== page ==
Persepolis: The Story of a Childhood

by Marjane Satrapi

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Throughout the novel Persepolis: The Story of a Childhood, Marji has questioned the role of education. Pick out at least three examples of her negative view from the novel.

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Marjane Satrapi's negative attitude toward education may have started when she was a child and was forced to wear a veil to school. Early in the book, Marji recalls that "All bilingual schools must be closed down" and that "we found ourselves veiled and separated from our friends" (4). This marks a beginning of lack of freedom, both personally and socially, and it could certainly be associated with Marji's larger attitude toward her schooling.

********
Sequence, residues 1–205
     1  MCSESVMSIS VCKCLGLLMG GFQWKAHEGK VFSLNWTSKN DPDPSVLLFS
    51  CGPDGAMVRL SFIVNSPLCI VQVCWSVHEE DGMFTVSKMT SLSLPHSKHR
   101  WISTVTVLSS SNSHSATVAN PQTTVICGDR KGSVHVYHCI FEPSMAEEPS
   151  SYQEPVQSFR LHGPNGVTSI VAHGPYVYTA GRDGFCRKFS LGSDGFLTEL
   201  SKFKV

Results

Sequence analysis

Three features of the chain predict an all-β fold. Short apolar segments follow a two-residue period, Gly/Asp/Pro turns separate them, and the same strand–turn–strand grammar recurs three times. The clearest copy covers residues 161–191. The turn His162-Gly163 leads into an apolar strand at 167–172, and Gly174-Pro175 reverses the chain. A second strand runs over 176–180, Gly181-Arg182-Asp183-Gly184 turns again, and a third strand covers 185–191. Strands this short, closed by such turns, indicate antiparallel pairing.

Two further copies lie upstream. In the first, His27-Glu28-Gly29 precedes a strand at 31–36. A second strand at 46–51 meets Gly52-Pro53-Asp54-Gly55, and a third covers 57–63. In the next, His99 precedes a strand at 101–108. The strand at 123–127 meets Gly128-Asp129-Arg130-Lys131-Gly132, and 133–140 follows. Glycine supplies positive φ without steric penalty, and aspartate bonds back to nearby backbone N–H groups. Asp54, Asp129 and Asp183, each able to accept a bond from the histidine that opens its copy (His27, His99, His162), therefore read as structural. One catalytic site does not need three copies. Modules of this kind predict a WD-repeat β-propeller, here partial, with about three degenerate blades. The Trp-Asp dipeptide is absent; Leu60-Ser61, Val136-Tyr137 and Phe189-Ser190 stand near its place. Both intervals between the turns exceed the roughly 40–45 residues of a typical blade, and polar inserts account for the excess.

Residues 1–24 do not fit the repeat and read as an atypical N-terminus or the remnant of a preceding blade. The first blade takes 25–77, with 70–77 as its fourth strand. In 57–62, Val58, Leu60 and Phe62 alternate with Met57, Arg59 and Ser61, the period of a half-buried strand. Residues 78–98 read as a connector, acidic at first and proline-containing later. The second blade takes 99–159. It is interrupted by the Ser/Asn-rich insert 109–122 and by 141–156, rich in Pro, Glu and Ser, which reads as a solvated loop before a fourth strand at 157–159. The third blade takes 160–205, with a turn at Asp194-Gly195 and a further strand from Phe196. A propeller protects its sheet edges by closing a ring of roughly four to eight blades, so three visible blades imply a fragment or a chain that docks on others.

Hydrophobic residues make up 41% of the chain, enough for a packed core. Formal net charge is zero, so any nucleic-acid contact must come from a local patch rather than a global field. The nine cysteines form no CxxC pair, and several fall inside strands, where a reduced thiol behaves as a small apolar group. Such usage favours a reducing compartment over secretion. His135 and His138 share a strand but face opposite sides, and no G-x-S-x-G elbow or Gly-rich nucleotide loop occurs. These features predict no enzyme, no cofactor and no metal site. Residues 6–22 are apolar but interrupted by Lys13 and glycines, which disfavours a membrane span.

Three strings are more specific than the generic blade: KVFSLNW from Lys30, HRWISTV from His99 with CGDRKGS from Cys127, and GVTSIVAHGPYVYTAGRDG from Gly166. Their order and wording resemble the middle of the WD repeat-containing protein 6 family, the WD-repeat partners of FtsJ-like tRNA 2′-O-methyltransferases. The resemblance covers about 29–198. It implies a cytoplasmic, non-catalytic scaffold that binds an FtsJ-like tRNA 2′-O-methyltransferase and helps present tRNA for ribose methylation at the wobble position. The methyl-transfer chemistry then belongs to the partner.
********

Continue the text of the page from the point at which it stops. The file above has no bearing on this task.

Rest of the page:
It also seems that Marji's intense interest in the political situation in Iran is not appreciated at school. She recalls an assignment she was excited about because she would be writing about the war. She says, "I knew all about the war...I was very proud of myself...but the teacher didn't seem too impressed" (85–86). So, Marji's effort and passion are not rewarded; her work is dismissed by the teacher—who goes on to praise a student who wrote an emotional letter to her father (who was fighting in the war). Later, Marji also describes what she calls "torture sessions" at school in which girls had to hit themselves.

The children are always getting in trouble for not taking the school's priorities seriously. Marji likes to make fun of what she sees as the absurd direction of her education, but that is definitely frowned upon. Her parents are called in, but they too question the school's agenda. Marji and her parents seem to value a more liberal approach to schooling rather than indoctrination.

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